The service started without ceremony; the imam began speaking, and everyone came to attention. Sitting at the back, observing the service, I couldn’t help but note the parallels to services from the Protestant church of my youth, or countless Catholic services I had experienced through weddings and funerals. Indeed, apart from the lack of pews and music to note transitions, the fundamentals of the Muslim prayer service hit the same notes of a Christian service — communal action and recitation, readings of scripture, a homily.

The imam gave notice of a recently deceased congregation member and asked for everyone to pray on their behalf. In his sermon, he discussed specific Ramadan customs and exceptions, emphasizing that it was okay and even better in the eyes of Allah to miss a prayer service to support a friend in need than to abandon the friend for the service itself. To me, this was a manifestation of the Golden Rule — essentially, God is found wherever people are supporting each other.

Like all religious services, this one was long for the children in the room — I watched as they fidgeted and their attention wavered, adjusting and readjusting their feet until their fathers poked at them to be still and stay focused. These little, universally human gestures and the overall service structure really brought home how familiar this experience was, and would be to anyone who has been through a prayer of any kind, anywhere.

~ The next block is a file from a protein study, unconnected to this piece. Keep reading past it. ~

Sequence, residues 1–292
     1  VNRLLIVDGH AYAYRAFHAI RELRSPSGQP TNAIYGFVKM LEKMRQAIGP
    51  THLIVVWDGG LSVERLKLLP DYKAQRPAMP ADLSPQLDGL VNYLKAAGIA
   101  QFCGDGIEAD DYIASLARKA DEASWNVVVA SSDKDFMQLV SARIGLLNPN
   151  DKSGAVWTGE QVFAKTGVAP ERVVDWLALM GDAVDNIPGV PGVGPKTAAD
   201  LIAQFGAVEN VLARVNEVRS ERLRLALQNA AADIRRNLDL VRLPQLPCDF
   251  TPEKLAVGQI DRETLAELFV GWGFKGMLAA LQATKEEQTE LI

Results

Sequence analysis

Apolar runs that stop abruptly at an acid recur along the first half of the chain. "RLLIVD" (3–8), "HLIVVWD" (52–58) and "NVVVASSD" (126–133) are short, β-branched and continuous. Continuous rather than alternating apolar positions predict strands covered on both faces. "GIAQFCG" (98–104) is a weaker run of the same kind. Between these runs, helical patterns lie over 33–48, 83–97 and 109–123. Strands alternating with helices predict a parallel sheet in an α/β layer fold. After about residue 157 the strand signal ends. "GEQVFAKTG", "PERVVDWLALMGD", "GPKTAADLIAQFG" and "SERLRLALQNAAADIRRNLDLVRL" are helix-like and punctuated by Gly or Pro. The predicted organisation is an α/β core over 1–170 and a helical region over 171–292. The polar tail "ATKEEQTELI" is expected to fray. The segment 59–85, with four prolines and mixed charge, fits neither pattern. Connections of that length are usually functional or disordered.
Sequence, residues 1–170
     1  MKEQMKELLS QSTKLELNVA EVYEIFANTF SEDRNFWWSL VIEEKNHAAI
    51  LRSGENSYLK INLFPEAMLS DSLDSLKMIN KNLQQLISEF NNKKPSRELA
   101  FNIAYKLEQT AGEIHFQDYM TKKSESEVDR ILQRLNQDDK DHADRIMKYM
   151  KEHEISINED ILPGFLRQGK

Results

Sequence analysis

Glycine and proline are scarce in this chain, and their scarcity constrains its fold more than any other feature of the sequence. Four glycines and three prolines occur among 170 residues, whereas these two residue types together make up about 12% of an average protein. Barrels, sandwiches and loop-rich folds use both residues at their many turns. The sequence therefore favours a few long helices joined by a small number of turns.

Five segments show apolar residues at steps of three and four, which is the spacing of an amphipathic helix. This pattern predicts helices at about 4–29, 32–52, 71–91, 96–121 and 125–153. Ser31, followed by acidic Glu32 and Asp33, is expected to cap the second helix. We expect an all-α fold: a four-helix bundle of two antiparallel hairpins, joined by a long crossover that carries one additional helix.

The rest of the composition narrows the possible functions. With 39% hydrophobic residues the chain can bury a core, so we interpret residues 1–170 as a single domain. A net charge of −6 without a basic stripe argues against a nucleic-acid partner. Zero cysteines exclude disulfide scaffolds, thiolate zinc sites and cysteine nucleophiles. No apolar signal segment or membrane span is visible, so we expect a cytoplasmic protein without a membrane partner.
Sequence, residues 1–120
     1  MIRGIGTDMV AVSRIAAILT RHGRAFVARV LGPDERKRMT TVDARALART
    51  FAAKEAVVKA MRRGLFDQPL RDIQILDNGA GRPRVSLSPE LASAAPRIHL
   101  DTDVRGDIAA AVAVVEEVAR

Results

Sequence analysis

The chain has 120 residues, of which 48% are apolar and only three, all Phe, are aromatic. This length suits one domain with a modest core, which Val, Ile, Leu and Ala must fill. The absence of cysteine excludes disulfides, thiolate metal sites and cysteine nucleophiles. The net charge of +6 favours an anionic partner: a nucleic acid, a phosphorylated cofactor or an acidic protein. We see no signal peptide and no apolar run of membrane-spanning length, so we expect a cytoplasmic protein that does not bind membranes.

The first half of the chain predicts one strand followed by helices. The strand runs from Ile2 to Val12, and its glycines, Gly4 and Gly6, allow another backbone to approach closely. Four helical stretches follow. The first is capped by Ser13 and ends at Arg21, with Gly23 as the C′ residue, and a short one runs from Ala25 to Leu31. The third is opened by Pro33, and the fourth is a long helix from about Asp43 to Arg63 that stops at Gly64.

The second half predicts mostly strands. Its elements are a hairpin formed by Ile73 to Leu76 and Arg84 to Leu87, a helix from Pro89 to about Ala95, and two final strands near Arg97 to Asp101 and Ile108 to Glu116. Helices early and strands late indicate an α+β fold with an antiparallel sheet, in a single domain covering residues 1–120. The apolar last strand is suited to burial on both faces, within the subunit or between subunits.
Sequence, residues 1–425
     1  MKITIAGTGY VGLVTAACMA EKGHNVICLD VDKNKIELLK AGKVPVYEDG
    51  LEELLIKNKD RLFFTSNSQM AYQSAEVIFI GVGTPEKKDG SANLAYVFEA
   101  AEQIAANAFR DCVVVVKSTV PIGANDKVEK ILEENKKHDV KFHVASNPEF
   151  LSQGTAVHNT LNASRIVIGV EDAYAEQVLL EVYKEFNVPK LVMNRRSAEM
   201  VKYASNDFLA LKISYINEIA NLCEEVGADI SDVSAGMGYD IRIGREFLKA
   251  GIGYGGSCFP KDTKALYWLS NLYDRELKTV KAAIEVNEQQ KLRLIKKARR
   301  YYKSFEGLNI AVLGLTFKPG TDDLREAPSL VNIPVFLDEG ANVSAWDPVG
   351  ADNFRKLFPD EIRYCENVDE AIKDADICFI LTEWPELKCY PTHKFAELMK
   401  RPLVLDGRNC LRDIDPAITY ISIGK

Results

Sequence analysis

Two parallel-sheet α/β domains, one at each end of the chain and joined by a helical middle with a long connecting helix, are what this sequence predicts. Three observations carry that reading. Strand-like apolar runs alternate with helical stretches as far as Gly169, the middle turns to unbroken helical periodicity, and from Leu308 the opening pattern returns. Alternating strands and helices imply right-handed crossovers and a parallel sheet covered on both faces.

It occurred to me that there might be something in this — a religious exchange of some kind where congregations could either have guest-speakers from other religions or “field trips”.

Experiencing first hand how much in common the people and customs of different faiths are would no doubt break down some walls of misunderstanding.